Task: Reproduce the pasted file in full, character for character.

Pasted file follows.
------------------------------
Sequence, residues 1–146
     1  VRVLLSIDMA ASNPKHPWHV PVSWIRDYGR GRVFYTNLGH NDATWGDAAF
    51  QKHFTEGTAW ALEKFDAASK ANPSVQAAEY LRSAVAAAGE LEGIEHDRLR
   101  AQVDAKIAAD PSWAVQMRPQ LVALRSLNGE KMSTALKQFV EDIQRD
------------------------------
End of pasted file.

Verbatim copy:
Sequence, residues 1–146
     1  VRVLLSIDMA ASNPKHPWHV PVSWIRDYGR GRVFYTNLGH NDATWGDAAF
    51  QKHFTEGTAW ALEKFDAASK ANPSVQAAEY LRSAVAAAGE LEGIEHDRLR
   101  AQVDAKIAAD PSWAVQMRPQ LVALRSLNGE KMSTALKQFV EDIQRD